Value Stock Vs. Growth Stock Risk

by Cindy Quarters, studioD

Investing in the stock market is a common way for people to establish savings and grow funds for retirement, education and other purposes. While the stock market can and often does provide a good return on an investment, it is also possible for buyers to lose some or all of their money. Analyzing the market and making careful choices is one way to help minimize this risk, such as deciding whether to purchase value stock or growth stock.

Value Stock

Value stock is trading at a price that is lower than expected based on its history of dividends, sales and earnings. Such stocks are identified by certain characteristics, such as a low price to earnings ratio of no more than 10 percent, and a price to earnings growth ratio that is one or less. Stock price should not exceed its tangible book value, and the company’s amount of debt should be about equal to its equity, with liabilities equal to no more than half of the value of the company’s total assets. Value stocks may be the result of the newness of a company, poor performance, legal problems or other issues that cause investors concern about long-term stability.

Growth Stock

Growth stock comes from a company whose earnings are anticipated to grow faster than other, similar companies. Such stock has a history of stable, regular increases in the value of the stock, and this growth is expected to continue. The earnings per share are higher than the average for similar types of stocks, and the return on equity is also higher than average. The price for these stocks is usually higher than average.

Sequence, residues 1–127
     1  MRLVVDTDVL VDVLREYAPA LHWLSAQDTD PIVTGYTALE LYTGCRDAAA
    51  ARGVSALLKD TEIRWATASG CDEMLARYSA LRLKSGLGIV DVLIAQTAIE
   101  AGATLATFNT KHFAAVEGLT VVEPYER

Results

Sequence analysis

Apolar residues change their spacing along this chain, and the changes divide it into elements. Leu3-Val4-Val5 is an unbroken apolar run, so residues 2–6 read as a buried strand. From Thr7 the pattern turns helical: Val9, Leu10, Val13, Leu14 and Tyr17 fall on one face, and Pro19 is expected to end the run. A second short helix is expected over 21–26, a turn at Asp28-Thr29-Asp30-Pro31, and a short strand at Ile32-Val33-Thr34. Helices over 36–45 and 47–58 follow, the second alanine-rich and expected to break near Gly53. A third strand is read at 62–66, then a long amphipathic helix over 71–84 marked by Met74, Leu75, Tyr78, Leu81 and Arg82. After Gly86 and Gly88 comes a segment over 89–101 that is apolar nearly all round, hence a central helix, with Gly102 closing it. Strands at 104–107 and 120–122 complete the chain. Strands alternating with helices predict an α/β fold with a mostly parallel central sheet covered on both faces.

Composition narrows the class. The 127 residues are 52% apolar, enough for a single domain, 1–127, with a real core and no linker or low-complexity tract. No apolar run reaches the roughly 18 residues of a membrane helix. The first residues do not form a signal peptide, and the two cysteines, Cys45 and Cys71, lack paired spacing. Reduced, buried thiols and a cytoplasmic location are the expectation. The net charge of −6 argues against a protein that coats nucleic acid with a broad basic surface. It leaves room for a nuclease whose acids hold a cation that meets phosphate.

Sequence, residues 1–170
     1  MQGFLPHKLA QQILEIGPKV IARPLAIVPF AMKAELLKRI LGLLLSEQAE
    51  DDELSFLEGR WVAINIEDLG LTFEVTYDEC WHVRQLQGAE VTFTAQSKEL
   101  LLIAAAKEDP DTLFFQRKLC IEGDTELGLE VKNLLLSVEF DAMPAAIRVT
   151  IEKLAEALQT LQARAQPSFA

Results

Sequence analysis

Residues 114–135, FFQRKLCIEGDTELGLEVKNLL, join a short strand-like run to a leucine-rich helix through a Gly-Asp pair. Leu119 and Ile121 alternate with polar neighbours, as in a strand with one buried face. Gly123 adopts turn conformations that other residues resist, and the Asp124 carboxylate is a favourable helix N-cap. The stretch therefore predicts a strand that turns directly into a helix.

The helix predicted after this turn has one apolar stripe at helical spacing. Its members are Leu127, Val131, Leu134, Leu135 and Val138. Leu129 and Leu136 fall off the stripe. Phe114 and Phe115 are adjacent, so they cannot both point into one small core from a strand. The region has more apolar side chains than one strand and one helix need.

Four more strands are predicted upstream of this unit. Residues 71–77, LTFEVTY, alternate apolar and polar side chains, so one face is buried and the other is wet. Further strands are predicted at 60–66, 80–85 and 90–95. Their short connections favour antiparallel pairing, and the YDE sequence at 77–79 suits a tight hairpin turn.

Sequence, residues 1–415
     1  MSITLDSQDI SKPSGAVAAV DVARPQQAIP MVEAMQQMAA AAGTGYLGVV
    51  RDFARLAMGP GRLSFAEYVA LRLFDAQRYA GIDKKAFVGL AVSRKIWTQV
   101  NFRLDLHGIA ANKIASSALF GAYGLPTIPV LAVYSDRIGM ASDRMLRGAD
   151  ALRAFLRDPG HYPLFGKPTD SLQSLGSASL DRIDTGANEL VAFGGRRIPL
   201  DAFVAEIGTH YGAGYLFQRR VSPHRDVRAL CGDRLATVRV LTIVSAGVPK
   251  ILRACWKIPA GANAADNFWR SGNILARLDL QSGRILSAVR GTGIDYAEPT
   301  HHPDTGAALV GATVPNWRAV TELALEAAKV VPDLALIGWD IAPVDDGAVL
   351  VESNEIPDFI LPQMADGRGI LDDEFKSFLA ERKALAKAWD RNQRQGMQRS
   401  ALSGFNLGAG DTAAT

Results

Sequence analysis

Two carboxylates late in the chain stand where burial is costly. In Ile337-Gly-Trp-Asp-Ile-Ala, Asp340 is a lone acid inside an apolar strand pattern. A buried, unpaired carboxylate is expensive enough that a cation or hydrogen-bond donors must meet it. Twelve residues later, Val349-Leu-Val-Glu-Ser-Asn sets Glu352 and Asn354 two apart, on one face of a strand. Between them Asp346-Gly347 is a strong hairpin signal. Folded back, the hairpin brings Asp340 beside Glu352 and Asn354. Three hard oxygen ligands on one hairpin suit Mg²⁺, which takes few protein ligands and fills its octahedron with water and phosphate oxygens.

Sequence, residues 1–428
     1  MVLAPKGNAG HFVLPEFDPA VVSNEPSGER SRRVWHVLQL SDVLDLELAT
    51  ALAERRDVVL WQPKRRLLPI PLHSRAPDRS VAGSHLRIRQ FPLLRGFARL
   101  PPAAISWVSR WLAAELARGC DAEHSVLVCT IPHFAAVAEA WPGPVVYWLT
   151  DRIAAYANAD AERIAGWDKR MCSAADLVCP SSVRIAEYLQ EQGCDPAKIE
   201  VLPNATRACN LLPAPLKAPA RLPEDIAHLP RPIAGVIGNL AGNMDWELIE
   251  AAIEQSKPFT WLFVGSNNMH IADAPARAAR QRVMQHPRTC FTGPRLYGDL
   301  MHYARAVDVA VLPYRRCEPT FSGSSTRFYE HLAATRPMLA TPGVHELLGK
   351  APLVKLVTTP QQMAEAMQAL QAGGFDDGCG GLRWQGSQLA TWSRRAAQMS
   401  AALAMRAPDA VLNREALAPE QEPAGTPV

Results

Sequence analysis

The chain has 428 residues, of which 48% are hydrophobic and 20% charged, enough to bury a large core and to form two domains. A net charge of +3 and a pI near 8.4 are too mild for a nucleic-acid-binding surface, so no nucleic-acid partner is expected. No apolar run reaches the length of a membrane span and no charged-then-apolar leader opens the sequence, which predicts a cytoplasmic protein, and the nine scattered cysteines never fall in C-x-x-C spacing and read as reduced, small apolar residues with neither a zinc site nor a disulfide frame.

Many people are firmly convinced that one type of stock is better than the other, but some feel that the two types can work together to create a more balanced, stable portfolio. Buyers of growth stocks seek to buy stock in solidly established companies that have shown strong performance in the past and are likely to continue to do so. Value stock buyers look to companies that have the potential to recover from any temporary problems that may be causing the stock to be low in the short term. Buying both helps to diversify a portfolio.


There are significant risks associated with both value and growth stocks. Value shares may become worthless if the company is unable to recover from the problems that caused its stock to be low in the first place. A new company or a financially distressed one may go out of business with little or no notice. Growth stocks can also be risky, since even though the companies are considered solid, a bad financial report or the failure of a new product can cause stock prices to plummet and lose investors significant amounts of money. Current market trends impact the risk of both types of stock.

About the Author

A recipient of a business and technology degree from the master's program at West Coast University, Cindy Quarters has been writing professionally since 1984. Past experience as a veterinary technician and plenty of time gardening round out her interests. Quarters has had work featured in Radiance Magazine and the AKC Gazette.